Hey @Bitmap, there's a new thread in the English-Latin section called "When all is blood, blood is all". When I first saw this, I immediately thought that the translation would be quando omnes est sanguis, sanguis est omnes.
quando means 'when' as a question word ('When will we leave?', 'When were you born', 'He told me when the fleet would arrive'); however, in this sentence, you need 'when' as a conjunction (closer to the meaning 'if') ... so you have to use cum.
'Everything' is usually rendered as the neuter plural omnia (omnes would be understood as 'everybody').
Since omnia is plural and the verb acts in accordance with the subject, you have to use a plural verb when 'all' (omnia) is the subject:
cum omnia sunt sanguis, sanguis est omnia.

This is a very literal translation & it seems kinda wordy to me. Is there a more concise & idiomatic way of wording this?
I don't know ... the whole phrase is rather meaningless to me. It's true that it might sound rather puzzling to a Roman while an English speaker apparently accepts such hollow statements without too much complaint.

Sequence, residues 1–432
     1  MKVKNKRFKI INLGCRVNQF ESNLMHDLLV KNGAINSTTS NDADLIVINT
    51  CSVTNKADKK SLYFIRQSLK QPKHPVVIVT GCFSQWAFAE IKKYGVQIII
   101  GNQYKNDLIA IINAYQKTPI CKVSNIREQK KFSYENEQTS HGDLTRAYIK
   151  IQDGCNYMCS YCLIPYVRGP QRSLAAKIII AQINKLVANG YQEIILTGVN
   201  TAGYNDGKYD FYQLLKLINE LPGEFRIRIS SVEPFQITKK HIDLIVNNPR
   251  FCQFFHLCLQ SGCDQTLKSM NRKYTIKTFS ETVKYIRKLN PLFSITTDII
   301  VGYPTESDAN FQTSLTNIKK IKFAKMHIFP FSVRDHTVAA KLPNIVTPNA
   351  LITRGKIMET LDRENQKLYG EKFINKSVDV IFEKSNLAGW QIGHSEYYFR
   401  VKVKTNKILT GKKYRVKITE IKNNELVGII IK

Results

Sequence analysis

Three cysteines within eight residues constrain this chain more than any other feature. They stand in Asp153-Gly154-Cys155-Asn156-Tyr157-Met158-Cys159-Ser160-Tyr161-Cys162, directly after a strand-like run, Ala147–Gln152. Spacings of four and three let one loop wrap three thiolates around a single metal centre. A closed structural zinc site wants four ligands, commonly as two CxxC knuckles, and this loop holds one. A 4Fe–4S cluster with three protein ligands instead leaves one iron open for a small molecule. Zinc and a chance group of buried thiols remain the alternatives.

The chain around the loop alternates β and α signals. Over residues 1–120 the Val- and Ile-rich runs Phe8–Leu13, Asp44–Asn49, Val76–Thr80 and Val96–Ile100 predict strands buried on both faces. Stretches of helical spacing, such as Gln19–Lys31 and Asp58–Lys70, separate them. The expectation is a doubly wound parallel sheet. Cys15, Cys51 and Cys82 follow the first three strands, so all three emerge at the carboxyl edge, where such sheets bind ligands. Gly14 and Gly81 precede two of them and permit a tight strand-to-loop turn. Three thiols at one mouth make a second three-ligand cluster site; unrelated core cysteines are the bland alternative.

I could say something more normal-sounding if I could make sense of the English statement ...
 

Bitmap

Civis Illustris
Maybe this?!
omnia cum ad sanguinem spectarint/pertinuerint, sanguis omnia consumet.
'When all things come down to blood, blood will consume all things.'

better yet might be omnia cum ad sanguinem spectarint/pertinuerint, sanguine consumentur, but that would change the diathesis.
 

Callaina

Feles Curiosissima
I don't know ... the whole phrase is rather meaningless to me.
To me as well. Arguably it means more in Latin than in English, though, because of the distinction between singular and plural.
 

R. Seltza

Well-Known Member
Hey guys,

For a while, I've been wondering about something.

The translated meanings for 1st person singular active jussive subjunctive conjugations would be (using the verb "to love"):
Present - May I love
Imperfect - ???
Perfect - ???
Pluperfect - ???

And Passive:
Present - May I be loved
Imperfect - ???
Perfect - ???
Pluperfect - ???

What would the question marks be?
Also, why is there no Future or Future Perfect for subjunctives?
 

Callaina

Feles Curiosissima